Interview with Francisco Ferreira

Interview with Francisco Ferreira

At the end of January 2022, Portugal voted for a new parliament in a snap election. We asked our experts which importance the election results have for climate policy, as the upcoming decade is essential to combat climate change and decisive climate action is needed.

What is your general perception of the election results?

Francisco Ferreira: The results of the Portuguese elections came as a surprise.

First, a brief introduction. The socialist party in Portugal is a centre-left party, while the social-democrats are a centre-right party. Those are the two larger parties in the country. The socialist party in the government did not have a majority and therefore was supported in the Parliament by smaller parties, particularly the Left Block and/or the Communist Party.

This election was triggered due to the failure of the Parliament to approve the State Budget for 2022 due to a negative vote by both the two mentioned essential supporting parties. None of the polls during the weeks before the elections considered the possibility of an absolute majority by the socialists and there were questions if the outcome would be a centre-left coalition or a centre-right coalition.

The election outcome cleared an absolute majority of the socialist party with 42% of the votes but with 118 out of 230 total parliamentarians, enabling a stable government that will stay for four years. Two of the small green parties suffered a defeat – the green party with a coalition with the communists lost their representation; PAN (People-Animals and Nature), went from four parliamentarians to just one. A populist/extreme right raised from one to 12 parliamentarians. The social-democrats decreased 8 representatives.

There might be several explanations, but it is clear that the left “useful vote” against a possible right majority run from the Left Block and the Communist Party to the socialists – both with a strong decrease, particularly the first one.

What is the significance of the election result in terms of climate policy? What are the expectations towards the new government?

FF: There are a couple of contradictions in the socialist electoral program like a strong climate mitigation policy combined with the expansion of the Lisbon airport, and a lack of integrity in several environmental policies, from agriculture to circular economy. However, the socialists were the ones promoting the carbon neutrality goal for Portugal in 2050 five years ago, they stopped coal and are front runners in the promotion of solar energy expansion, they are against nuclear and gas in the taxonomy, and, unless there are evident damage foreseen to the Portuguese economy, they will favor green policies under the Fit for 55 regulation.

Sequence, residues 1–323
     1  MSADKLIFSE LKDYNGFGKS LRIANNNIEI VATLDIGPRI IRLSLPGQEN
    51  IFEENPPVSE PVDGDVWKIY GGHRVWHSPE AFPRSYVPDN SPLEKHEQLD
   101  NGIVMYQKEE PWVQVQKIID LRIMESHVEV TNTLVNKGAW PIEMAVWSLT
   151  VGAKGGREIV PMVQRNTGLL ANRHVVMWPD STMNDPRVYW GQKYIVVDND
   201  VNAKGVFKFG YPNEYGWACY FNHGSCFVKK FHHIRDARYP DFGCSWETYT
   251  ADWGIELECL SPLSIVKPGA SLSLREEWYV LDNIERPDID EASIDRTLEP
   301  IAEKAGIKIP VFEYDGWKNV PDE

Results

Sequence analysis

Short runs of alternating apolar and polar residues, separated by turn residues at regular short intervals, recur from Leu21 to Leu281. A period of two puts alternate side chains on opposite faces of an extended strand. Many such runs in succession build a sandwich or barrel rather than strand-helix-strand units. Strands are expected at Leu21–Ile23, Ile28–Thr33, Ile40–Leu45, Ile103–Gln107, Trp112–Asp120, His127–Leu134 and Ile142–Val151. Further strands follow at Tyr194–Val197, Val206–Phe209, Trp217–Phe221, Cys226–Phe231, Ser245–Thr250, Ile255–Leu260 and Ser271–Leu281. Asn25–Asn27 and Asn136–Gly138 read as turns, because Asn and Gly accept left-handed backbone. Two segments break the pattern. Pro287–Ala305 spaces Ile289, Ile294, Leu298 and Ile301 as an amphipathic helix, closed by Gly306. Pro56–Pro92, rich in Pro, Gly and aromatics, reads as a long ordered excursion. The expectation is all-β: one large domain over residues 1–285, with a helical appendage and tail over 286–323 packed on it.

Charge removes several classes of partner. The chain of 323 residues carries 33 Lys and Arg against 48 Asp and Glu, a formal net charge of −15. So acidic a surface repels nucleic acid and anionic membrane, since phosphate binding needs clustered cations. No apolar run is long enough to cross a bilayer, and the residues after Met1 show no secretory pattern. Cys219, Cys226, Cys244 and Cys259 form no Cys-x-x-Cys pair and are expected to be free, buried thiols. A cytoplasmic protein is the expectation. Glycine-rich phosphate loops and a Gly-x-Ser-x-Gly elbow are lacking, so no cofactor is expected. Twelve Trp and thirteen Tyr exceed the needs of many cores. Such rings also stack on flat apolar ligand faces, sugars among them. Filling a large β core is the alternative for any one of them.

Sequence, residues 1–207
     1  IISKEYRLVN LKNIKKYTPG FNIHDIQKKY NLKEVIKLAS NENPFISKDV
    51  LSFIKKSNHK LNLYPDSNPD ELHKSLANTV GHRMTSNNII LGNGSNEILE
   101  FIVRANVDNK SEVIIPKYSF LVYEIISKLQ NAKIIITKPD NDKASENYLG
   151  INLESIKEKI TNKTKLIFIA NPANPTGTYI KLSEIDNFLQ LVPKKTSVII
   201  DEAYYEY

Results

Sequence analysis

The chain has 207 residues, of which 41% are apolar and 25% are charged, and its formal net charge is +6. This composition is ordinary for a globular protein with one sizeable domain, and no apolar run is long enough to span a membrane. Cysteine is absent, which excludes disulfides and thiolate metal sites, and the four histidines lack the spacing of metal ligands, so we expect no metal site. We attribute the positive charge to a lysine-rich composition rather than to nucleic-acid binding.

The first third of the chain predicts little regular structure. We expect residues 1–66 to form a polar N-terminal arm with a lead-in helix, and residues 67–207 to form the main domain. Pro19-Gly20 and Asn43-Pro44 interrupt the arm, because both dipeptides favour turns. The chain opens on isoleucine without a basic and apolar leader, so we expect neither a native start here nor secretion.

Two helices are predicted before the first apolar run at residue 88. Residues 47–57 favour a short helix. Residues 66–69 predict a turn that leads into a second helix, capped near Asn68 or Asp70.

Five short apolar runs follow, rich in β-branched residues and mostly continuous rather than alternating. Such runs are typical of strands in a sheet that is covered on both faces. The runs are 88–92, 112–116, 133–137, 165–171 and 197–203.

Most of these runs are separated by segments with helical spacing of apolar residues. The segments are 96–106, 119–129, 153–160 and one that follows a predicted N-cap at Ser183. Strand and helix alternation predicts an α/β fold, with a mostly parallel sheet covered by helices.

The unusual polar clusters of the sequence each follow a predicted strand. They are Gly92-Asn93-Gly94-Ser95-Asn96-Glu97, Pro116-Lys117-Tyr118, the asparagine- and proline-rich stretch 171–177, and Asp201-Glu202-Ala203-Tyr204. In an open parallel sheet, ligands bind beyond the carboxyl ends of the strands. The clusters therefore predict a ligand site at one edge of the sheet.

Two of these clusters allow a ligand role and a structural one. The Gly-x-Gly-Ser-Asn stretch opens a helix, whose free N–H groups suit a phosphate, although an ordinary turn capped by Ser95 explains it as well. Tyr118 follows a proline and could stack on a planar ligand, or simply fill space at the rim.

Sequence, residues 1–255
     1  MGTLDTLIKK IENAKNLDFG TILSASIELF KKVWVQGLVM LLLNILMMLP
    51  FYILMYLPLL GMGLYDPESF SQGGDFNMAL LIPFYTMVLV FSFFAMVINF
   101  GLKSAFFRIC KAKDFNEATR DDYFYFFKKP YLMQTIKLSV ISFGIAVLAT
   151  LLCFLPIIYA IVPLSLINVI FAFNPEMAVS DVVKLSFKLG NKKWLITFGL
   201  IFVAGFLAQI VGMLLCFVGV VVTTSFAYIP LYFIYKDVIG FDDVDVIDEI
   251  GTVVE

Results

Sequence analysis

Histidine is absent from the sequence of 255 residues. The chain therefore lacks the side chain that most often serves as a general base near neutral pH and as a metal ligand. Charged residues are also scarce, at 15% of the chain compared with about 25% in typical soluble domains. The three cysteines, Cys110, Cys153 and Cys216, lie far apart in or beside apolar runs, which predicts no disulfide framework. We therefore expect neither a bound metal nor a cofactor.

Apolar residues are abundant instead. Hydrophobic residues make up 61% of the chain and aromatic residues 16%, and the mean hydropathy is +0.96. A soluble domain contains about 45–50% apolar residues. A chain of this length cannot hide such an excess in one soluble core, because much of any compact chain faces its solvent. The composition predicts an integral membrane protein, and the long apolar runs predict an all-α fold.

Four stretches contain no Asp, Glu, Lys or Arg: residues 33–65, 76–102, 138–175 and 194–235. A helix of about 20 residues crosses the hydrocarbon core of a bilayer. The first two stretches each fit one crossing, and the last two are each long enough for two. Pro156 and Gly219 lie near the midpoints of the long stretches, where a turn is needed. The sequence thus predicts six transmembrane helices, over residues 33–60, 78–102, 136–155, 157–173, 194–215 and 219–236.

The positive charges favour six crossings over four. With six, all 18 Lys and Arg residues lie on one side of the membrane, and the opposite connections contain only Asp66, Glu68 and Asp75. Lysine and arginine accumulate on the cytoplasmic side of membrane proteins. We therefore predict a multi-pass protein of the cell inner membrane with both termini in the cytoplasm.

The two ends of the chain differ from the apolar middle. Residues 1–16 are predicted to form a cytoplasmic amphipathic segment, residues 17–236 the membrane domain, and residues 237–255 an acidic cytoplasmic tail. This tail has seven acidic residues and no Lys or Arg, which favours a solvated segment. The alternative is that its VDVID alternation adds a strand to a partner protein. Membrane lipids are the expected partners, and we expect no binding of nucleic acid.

A so called eco-coalition, with the socialists, PAN and another left party called Livre, would have been a greener possibility, but it came out as unnecessary. Prime-Minster António Costa promised to govern in an open dialogue with the other parties. Let’s see how far that will go. For ZERO, there is still a lot of work ahead with moderate optimism, since the absolute power usually block negotiations (for better and worse).

Portugal ranks 16th in the latest edition of the CCPI 2022. What short-term measures should the next government implement to improve the country’s ranking? What are three key demands?

FF: The three most important short-term measures would be the expansion of renewable production, particularly when coal is no longer part of the electricity mix, the need to decarbonise transportation that now is the sector with higher emissions, and the need to substantially improve building efficiency and overcome energy poverty.

There has been a lack between the approval of several renewable projects, particularly in solar, and the real implementation outcome. The government says it is a consequence of the pandemic with a current huge demand from professionals in this area. At the same time, there have been problems with sensitive locations for some of the renewable projects that should be tackled.

Concerning road transport, Portugal should implement policies to penalise the use of the combustion engine cars and promote rail, from within the county to connections with Spain – currently there is no train between the two capitals Lisbon and Madrid. Finally, it is a priority to intervene in the rehabilitation of buildings, most with lower energy efficiency, and with 20% of the population under energy poverty conditions.

What are the biggest climate policy challenges for your country until 2030?

FF: Faster and sustainable implementation of solar power with connections with hydrogen for non-electrical use is probably the most challenging objective. However, climate change adaptation should also be a priority since severe droughts and forest fires have been affecting the country in the last years.

Where is Portugal a role model for other countries?

FF: Portugal is both one of the most vulnerable countries concerning the impacts of climate change and one with higher decarbonisation targets. Handling these two challenges while in the periphery of Europe, with limited electricity interconnections, lower GDP per capita, long distances for tourists as one of the major economic activities, makes climate neutrality much more difficult to attain.

Which developments in your country give you hope?

FF: There is a broader consciousness by the population that climate change action is a priority and deserves policies and measures to be implemented. We just need to make sure that a just transition takes place, which still has to be properly implemented, particularly when two coal power plants and one of the two refineries closed during 2021.

→ Find more interviews with our CCPI experts here.